Humbug! Scrooge! Grinch! Even if you've never read Charles Dickens's "A Christmas Carol" or Dr. Seuss's "How the Grinch Stole Christmas," you probably know what these signify, exclamation points included: They're a colorful cultural shorthand that describes joyless, cheerless grumpy behavior of some kind. In the cases of both Scrooge and the Grinch, we don’t know exactly why they are what they are. Scrooge may have become distracted by work and money. The Grinch’s shoes may be too tight or his heart too small. It’s all guesswork, really.
Here is Dickens’s description of Scrooge at the outset of the story: “Oh! but he was a tight-fisted hand at the grindstone, Scrooge! a squeezing, wrenching, rasping, scraping, clutching covetous old sinner!” What beautiful language to describe a despicable person!
That all changes, though, one Christmas Eve, when Scrooge is visited by his deceased business partner, who warns him of the lasting torment that awaits him if he doesn’t redirect his life toward the values he has rejected—"charity, mercy, forebearance, and benevolence." Though Scrooge wants to believe the apparition is merely "a slight disorder of the stomach [...] an undigested bit of beef, a blot of mustard, a crumb of cheese, a fragment of an underdone potato," he soon learns otherwise. Journeying to his past, reexamining his present, and glimpsing his future through the ministrations of three ghosts who visit him over the course of the night, Scrooge finally discovers the openness of heart that had eluded him.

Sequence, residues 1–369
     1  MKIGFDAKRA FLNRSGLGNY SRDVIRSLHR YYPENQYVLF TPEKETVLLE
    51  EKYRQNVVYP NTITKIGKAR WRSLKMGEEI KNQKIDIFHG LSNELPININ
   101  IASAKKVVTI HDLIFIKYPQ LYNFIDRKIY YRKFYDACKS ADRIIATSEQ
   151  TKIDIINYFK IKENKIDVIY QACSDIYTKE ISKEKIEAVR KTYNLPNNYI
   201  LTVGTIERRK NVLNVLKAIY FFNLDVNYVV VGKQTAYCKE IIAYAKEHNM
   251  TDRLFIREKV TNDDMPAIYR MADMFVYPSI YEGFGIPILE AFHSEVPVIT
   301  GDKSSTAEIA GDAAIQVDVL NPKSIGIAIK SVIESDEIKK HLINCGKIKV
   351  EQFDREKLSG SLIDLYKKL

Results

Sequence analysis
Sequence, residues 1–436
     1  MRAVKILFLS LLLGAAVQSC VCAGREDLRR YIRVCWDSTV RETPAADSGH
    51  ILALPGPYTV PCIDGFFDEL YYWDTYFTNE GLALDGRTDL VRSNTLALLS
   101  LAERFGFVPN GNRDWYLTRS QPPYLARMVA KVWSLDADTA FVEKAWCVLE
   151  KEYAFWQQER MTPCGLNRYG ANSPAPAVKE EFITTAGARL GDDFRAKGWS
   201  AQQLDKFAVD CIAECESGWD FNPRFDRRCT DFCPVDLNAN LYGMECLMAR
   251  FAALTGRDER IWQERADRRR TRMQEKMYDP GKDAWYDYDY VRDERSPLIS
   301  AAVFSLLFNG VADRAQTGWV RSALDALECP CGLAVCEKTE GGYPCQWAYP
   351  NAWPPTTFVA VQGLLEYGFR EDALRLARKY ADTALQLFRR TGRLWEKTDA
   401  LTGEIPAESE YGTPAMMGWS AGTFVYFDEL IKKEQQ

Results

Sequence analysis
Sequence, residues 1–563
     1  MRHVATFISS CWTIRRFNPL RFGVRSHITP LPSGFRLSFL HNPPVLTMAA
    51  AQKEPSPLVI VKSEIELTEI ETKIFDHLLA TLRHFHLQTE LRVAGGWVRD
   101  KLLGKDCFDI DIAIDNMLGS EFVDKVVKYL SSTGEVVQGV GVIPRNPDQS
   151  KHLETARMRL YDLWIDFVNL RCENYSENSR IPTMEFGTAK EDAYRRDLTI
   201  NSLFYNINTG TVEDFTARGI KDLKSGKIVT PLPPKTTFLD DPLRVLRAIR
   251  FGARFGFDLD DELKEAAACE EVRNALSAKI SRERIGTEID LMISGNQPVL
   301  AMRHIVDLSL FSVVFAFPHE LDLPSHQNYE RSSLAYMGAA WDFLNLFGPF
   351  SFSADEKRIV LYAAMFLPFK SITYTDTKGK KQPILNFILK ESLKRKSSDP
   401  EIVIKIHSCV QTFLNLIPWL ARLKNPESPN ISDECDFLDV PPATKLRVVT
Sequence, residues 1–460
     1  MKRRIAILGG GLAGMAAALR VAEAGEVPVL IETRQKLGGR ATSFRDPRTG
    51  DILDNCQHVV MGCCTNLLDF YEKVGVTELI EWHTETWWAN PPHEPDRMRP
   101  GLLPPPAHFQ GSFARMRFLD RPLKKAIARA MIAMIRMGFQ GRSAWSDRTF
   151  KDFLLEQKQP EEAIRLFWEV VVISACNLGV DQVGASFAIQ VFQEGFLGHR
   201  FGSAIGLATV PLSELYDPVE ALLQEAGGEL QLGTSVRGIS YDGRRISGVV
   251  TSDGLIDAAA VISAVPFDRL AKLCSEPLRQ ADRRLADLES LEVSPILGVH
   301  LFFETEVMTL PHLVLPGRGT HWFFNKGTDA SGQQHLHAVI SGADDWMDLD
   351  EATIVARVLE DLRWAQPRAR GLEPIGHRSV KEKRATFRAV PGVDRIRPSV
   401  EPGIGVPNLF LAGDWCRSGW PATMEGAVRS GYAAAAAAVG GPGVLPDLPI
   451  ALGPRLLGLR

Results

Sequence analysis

The Grinch’s journey also begins on Christmas Eve and also leads to a larger ticker and new friends. The Grinch can’t stand seeing the Whos so happy, so he hatches a plot to steal their sunshine, a.k.a. their Christmas. Dressed as St. Nick, he steals into their homes and then steals “The ribbons! The wrappings! The tags! And the tinsel! The trimmings! The trappings!” (And doesn’t the internal rhyme here evoke Dickens?)
Christmas day dawns, and the Grinch expects to hear the Whos crying and wailing, but instead, they celebrate anyway, holding hands and signing. After puzzling over this bizzaro turn, the Grinch must conclude that Christmas isn’t about those things he stole. “It doesn’t come from a store” but “means a little bit more.” And this causes his heart to grow three times its size (that being one more than he needed for a normal size heart – just pointing that out).
On one hand, I want to say, well, duh. Of course life is about more than work and money, and the season of giving isn’t about stuff but the larger gesture of care. On the other hand, I’m not fool enough to think we (and by "we," I of course mean "I") don’t need to be constantly reminded of this. After all, isn’t that precisely why these stories have become so interwoven in our cultural dialogue?